July 30, 2018; Yale Environment 360
Despite the Trump administration’s quest to invalidate California’s authority to enforce stricter rules on greenhouse gas emissions, California continues to lead the pack in reducing its carbon footprint through its cap-and-trade program. The program “caps” the amount of carbon dioxide emissions while allowing companies to “trade” surplus allowances to other businesses that surpass emission limits. Companies are able to purchase allowances at monthly auctions that have generated $4.4 billion in state revenue since 2012.
As the state transitions to clean, renewable energy, it recognizes the need for equitable policies and practices that center the most marginalized. Research shows that low-income communities incur higher energy costs and are more likely to suffer from environmental pollutants, resulting in increased rates of disease. As a result, the state has engaged in energy justice—the involvement of underrepresented communities in creating solutions and the fair distribution of clean energy benefits within its clean energy laws. Under Assembly Bill (AB) 1550 (Gomez, Chapter 369, Statutes of 2016), 35 percent of auction proceeds must be used for projects targeting state-defined disadvantaged communities.
One shining example of the state’s progress, is the construction of Casas de la Viña, an affordable housing complex specifically designed for farm workers in Central Valley. The development was conceptualized by Self-Help Enterprises, a community development nonprofit whose mission is “to work together with low-income families to build and sustain healthy homes and communities.” The organization serves San Joaquin Valley, known for its agricultural production and high poverty rates. Casas de la Viña is considered a groundbreaking project for a region whose housing often lacks adequate sewer, energy and water services. The complex, which is managed by a nonprofit developer, has “upgrade[d] its hot water systems, put in interior and exterior LED lighting, replaced old refrigerators and faucets, sealed ductwork, [and] installed heat-pump water heaters (which are about 200 percent more efficient than the old models),” with the assistance of the Association for Energy Affordability, a nonprofit energy provider. The upgrades contributed to the complex achieving zero net energy status, one of the first housing complexes in the United States to do so.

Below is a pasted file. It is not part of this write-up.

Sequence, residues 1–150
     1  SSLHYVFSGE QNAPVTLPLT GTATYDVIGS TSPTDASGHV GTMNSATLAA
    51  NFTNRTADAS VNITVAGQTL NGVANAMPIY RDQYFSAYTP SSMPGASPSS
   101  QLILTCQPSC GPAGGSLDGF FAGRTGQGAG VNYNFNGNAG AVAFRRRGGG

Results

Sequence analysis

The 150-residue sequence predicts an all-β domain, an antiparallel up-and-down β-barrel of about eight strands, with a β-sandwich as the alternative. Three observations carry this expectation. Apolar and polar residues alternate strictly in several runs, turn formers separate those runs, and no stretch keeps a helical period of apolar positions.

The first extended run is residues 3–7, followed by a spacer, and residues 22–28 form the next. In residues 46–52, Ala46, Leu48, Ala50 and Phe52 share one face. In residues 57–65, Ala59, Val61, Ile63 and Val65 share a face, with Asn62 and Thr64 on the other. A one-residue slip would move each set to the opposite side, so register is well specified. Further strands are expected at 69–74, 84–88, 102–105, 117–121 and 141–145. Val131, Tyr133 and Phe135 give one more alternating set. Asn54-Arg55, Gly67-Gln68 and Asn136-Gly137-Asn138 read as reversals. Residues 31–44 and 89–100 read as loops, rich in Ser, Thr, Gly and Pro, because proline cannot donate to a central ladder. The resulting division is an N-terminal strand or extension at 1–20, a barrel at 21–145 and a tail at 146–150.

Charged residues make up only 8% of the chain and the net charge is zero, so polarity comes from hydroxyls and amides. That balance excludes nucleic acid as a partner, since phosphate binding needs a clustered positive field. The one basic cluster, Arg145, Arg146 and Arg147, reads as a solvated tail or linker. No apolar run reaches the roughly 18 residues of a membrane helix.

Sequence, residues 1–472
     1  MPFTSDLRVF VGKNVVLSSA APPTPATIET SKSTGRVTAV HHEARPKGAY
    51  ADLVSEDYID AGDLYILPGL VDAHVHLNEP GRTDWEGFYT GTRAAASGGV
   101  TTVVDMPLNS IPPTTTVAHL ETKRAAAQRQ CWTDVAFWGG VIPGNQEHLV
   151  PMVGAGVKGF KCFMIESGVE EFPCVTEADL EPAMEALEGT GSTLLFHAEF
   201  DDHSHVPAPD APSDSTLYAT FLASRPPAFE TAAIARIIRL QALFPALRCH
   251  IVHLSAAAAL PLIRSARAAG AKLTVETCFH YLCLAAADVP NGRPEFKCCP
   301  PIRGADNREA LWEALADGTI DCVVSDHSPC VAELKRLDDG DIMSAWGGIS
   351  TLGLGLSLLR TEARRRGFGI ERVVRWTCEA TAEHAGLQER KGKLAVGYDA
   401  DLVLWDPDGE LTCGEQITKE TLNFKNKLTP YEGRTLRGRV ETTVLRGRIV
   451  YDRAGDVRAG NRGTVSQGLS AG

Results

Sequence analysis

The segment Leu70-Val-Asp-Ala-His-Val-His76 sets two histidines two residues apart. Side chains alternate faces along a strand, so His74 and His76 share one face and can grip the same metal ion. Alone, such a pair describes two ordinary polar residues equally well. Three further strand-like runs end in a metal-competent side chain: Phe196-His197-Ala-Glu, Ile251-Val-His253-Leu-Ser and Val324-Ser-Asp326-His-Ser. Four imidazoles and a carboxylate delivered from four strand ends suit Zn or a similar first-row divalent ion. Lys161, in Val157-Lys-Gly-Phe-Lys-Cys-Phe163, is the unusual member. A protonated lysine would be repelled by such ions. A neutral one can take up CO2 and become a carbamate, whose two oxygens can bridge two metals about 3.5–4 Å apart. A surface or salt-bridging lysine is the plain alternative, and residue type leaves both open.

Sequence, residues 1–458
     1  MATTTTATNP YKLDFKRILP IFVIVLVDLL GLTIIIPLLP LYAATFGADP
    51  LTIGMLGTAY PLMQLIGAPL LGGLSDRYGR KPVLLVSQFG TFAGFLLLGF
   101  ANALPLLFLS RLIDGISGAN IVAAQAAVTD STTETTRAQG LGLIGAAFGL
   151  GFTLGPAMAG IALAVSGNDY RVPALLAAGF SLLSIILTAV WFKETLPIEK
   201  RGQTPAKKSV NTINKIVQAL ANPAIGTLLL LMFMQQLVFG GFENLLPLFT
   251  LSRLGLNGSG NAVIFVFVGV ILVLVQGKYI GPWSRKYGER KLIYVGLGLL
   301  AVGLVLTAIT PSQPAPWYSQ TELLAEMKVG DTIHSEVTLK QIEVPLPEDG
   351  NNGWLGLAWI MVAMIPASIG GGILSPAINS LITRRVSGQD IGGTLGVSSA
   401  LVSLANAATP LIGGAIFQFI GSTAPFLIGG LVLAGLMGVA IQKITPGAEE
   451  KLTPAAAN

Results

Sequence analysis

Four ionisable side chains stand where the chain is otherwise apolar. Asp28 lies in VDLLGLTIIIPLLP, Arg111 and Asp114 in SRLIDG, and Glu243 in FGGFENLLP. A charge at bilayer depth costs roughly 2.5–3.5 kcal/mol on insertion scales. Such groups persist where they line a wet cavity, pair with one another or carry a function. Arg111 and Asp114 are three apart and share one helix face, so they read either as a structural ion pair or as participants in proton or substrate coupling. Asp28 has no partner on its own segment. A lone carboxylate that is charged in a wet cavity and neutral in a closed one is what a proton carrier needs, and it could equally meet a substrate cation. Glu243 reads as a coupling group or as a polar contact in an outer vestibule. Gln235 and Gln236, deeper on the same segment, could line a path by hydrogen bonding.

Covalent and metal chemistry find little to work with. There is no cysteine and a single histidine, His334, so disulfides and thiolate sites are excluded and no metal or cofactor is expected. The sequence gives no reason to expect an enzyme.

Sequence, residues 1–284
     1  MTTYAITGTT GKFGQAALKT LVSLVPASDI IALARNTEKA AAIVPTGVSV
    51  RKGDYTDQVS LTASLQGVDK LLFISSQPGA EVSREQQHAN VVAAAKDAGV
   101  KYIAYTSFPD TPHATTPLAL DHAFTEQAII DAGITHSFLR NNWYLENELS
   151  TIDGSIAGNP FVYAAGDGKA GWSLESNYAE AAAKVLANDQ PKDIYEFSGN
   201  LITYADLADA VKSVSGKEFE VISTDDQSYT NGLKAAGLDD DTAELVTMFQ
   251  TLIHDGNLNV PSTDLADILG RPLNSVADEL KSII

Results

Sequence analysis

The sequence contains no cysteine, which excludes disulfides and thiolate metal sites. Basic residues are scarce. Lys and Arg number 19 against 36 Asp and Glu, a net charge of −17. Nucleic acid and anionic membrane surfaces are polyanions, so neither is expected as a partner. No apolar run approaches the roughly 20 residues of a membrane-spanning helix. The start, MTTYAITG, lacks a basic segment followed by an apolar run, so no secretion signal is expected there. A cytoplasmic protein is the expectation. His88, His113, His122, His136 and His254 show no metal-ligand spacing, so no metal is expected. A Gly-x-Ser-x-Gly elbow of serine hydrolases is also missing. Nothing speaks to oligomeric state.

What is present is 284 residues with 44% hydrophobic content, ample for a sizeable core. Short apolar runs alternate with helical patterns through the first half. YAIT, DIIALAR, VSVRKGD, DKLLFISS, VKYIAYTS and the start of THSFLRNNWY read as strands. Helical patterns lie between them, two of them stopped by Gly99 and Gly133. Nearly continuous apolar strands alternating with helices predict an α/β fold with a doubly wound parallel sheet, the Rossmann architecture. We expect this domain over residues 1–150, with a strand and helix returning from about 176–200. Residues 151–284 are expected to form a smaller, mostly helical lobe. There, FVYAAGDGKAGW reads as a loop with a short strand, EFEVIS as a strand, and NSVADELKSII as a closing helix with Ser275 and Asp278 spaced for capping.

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While the marriage of policy and nonprofit partnerships has proven successful in targeting such communities, building community trust continues to be a barrier to green energy adoption. Centering equity and the involvement of marginalized communities will be critical in changing energy consumption behavior and mindsets. Despite the inherent challenges, California has made considerable progress in this area. For instance, in 2017, the state increased the share of people from underrepresented communities enrolled in clean energy apprenticeship programs to 60 percent.
Additionally, the state offers funding to nonprofits to promote energy justice through its California Environmental Protection Agency (CalEPA) Environmental Justice (EJ) Small Grants Program. Grants of $50,000 are provided to nonprofits that specifically engage underrepresented communities in designing solutions and benefiting from clean energy. Projects range from developing youth ambassadors, training cosmetologists in chemical reduction strategies, training indigenous tribes in wildfire reduction techniques, and engaging incarcerated people in creating solutions to environmental justice.
As California continues its efforts, more states may look to California as a model for successfully engaging citizens as partners in a greener, more equitable future. As California has shown, multi-stakeholder partnerships with local agencies, community-based organizations, businesses and other stakeholders, are necessary to get the transformational change needed to stave off extreme weather.— Chelsea Dennis